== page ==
Saturday, July 26, 2014
Inquirer Daily News

Help Desk: Where to go for help if you get stabbed (after you call the police)

How did your last interaction with city government go? Visit us at www.thecityhowl.com, e-mail howl@phillynews.com or call 215-854-5855.

Help Desk: Where to go for help if you get stabbed (after you call the police)

ALEJANDRO A. ALVAREZ / Staff photographer
ALEJANDRO A. ALVAREZ / Staff photographer

How did your last interaction with city government go? Visit us at www.thecityhowl.com, e-mail howl@phillynews.com or call 215-854-5855.

THE PROBLEM: Last month, Louis Jargow was stabbed as he was walking home from work.

He doesn't completely remember what happened, but he thinks someone came up from behind, stabbed him in the side and took the iPhone he was carrying - leaving him bleeding face-down on the ground somewhere near his West Philly apartment.

He managed to stumble to his girlfriend's place. She called the police.

Thankfully, Jargow turned out to be OK. He was released from the Hospital of the University of Pennsylvania a few days later. The knife had missed his internal organs, but the incident left the uninsured recent college grad nervous about the medical bills he could be facing.

THERE IS HELP. Jargow didn't have to be so worried. There are services available to crime victims, and one is help with medical bills. Someone should have told Jargow about them, but we'll get to that in a minute.

Funded by a federal grant, the state's Victims Compensation Assistance Program is designed to serve as an insurer of last resort, paying for medical bills and ambulance fees that aren't covered by a victim's health insurance.

For an uninsured victim like Jargow, it could potentially cover the full cost of his care, paying HUP directly for his hospital stay and follow-up visit and reimbursing the fee he'll have to pay the city for his ambulance trip.

The program also covers lost earnings and, in the case of a murder, burial costs for the victim's family. (The only victims not eligible for assistance are perpetrators of crimes who become victims themselves. A dealer who's shot while selling drugs isn't covered.)

Philadelphians can apply for the program with help from one of several community-based nonprofits that have contracts to provide services to victims of different types of crime, in different parts of the city.

These organizations also provide a wide array of additional services to victims. They accompany them to court hearings and trials, help obtain affidavits for prosecutors and notify the court if victims are being threatened or intimidated by someone.

They also provide counseling, either with in-house staff or through referrals.

Julie Rausch, executive director of the Anti-Violence Partnership, which has the contract to provide services to West and Southwest Philadelphia, as well as to the families of murder victims, said the last service is particularly important to her clients.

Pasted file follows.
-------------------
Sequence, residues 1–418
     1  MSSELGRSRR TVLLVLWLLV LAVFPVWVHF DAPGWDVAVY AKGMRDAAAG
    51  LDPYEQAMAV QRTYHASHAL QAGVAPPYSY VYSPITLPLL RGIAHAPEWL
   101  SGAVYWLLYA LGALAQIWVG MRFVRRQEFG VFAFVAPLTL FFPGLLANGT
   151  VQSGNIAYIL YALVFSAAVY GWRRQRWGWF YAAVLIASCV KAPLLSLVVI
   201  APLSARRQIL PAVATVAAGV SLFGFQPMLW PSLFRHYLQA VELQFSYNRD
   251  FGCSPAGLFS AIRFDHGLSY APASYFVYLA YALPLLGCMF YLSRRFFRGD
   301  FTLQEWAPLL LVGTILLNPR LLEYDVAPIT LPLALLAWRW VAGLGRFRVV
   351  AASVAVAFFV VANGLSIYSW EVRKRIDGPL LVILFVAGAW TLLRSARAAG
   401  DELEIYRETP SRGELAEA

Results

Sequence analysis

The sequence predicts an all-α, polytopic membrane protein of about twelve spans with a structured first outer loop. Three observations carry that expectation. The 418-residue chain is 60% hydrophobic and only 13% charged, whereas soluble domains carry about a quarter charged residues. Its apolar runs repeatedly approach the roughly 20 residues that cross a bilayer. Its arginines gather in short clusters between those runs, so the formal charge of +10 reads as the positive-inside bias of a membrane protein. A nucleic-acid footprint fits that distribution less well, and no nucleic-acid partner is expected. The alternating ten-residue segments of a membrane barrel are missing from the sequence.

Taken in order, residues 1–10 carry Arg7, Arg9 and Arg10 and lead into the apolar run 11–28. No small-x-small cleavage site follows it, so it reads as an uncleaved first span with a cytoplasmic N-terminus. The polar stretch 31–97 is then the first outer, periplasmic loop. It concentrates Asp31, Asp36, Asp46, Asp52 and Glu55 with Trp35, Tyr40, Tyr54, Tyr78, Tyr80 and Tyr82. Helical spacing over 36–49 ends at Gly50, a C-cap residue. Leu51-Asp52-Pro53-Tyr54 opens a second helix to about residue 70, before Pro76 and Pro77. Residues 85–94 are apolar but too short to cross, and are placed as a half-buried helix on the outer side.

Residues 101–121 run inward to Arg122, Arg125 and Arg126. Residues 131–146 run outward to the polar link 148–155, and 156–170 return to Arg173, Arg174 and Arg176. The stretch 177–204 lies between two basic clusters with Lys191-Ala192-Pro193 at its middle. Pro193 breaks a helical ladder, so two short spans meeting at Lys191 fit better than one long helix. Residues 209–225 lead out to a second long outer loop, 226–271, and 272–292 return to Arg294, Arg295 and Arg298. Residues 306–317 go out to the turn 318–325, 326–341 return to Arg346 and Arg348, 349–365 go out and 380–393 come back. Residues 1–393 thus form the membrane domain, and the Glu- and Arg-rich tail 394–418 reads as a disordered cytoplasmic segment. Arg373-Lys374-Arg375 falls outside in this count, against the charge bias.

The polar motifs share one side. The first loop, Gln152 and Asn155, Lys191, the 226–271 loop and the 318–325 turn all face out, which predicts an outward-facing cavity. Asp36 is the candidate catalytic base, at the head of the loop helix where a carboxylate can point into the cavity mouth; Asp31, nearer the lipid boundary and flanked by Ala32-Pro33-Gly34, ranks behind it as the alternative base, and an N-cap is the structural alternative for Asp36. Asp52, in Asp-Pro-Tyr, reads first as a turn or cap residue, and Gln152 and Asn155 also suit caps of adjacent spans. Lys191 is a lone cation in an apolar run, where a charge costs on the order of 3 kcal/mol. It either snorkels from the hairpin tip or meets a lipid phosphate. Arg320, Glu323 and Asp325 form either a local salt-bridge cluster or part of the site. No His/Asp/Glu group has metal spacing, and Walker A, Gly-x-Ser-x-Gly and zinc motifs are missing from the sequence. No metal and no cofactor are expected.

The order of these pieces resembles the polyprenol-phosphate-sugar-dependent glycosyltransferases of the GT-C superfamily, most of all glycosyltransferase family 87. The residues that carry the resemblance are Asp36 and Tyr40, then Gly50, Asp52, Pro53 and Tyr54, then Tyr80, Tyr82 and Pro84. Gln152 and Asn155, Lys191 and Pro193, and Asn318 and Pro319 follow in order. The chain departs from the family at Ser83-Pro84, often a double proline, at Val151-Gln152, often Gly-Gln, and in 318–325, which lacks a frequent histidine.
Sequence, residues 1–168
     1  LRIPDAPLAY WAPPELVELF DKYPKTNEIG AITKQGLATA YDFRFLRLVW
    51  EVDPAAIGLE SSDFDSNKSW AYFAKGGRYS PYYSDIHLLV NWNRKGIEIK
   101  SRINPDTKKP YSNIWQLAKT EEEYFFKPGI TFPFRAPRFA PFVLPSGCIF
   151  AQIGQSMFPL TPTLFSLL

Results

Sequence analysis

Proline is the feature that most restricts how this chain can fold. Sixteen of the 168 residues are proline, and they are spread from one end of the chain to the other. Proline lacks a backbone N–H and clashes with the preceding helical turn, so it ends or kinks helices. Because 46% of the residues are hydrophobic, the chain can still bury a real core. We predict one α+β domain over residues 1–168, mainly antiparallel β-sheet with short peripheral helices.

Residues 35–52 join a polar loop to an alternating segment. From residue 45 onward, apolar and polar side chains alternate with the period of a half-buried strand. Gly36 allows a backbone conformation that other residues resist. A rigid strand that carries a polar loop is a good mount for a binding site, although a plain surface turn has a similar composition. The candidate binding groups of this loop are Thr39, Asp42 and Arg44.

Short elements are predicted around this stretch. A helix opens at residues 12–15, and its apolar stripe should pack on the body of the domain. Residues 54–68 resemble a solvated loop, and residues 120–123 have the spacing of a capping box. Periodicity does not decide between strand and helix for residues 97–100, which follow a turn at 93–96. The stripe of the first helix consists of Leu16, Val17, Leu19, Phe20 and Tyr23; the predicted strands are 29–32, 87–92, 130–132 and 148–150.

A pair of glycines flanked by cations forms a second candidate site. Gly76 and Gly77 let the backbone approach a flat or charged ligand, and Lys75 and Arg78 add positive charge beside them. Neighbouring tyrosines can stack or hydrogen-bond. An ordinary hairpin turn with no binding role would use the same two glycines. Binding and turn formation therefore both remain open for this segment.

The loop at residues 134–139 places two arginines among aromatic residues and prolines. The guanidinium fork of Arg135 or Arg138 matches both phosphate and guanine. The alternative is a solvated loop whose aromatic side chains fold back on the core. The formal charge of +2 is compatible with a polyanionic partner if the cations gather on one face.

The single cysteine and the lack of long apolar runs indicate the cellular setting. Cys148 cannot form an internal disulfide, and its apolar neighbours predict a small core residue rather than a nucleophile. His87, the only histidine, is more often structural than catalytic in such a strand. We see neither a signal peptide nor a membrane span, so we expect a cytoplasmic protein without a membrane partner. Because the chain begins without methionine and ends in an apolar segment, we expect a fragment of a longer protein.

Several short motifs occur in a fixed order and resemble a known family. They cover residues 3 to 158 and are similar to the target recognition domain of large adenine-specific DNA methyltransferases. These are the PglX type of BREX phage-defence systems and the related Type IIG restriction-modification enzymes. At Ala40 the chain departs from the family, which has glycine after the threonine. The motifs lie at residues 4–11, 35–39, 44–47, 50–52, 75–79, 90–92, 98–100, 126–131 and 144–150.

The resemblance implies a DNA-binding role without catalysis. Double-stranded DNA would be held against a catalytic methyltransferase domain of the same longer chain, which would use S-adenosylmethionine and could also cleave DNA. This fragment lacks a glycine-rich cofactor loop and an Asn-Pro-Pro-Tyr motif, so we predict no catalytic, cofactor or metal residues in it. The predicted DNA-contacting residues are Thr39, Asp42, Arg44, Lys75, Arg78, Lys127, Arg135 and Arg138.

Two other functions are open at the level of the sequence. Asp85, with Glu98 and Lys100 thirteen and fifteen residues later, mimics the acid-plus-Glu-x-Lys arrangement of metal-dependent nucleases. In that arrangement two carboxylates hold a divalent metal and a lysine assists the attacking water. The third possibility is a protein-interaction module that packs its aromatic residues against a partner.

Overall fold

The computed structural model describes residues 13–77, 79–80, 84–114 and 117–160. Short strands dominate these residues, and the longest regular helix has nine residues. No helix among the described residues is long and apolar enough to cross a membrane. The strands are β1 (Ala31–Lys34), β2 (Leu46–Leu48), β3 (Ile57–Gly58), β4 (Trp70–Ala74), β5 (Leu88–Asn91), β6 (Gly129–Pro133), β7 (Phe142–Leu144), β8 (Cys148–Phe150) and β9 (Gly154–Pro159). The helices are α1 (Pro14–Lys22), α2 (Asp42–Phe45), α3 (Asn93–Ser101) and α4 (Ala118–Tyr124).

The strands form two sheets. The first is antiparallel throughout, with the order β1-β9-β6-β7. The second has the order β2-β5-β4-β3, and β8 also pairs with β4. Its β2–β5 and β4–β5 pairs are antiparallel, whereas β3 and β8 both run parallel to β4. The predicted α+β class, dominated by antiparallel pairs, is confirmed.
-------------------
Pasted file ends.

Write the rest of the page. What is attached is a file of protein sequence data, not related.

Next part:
This is especially true with the families of murder victims. Murder "really breaks up the family," Rausch said, and can require years of therapy. AVP has therapists on staff and "can see people as often or as long as we want to."

One woman Rausch's organization works with came to them when she was 13 after her cousin killed her brother and shot her in the face. Now she's in her mid-20s and lives in California, but when she comes back to Philly, she still drops by for a counseling session, Rausch said.

The nonprofit serves about 9,000 people a year - some, like this woman, for crimes committed years ago.

As for victims' compensation, more than 2,000 residents citywide submitted requests for the service last fiscal year.

How are victims supposed to know about these services?

Actually, Jargow should have heard from AVP within 72 hours of his stabbing, according to Myra Maxwell, the group's director of victim services.

The organization receives regular lists of crime victims in the police districts it serves that enable it to send letters to victims detailing the services available and their rights under state and federal laws.

Though AVP was aware of Jargow's stabbing, Maxwell said the police never provided the group with an address for him - meaning it couldn't get in touch with him until after we called Rausch to get more information.

Consequently, beyond some vague remarks by hospital workers, Jargow wasn't aware of the victim-compensation program or of the other services available to him.

The police aren't quite sure why this happened. Lt. Raymond Evers, a police spokesman, said Jargow's address is clearly on the police reports about the stabbing. Regardless, now that the bureaucratic mix-up's been resolved, Jargow said AVP has been "really helpful" in getting him set up with the array of services that are out there.

For crime victims who have a similar experience, the state has a website with a list of victim-service organizations by county. Visit pacrimevictims.state.pa.us for more information.

Follow us on Twitter and review city services on our sister site, City Howl.

About this blog
Every year, city government spends slightly more than $4 billion. Where does all that money come from? More importantly, where does it go? Are we getting the most bang for our tax buck? “It's Our Money” is a joint project between Philadelphia Daily News and WHYY, funded by the William Penn Foundation, designed to answer these questions.

It's Our Money contributors

Tips? Comments? Questions?
Contact:

Holly Otterbein:
215-854-5809
hm.otterbein@gmail.com
@hollyotterbein

It's Our Money
Also on Philly.com
Stay Connected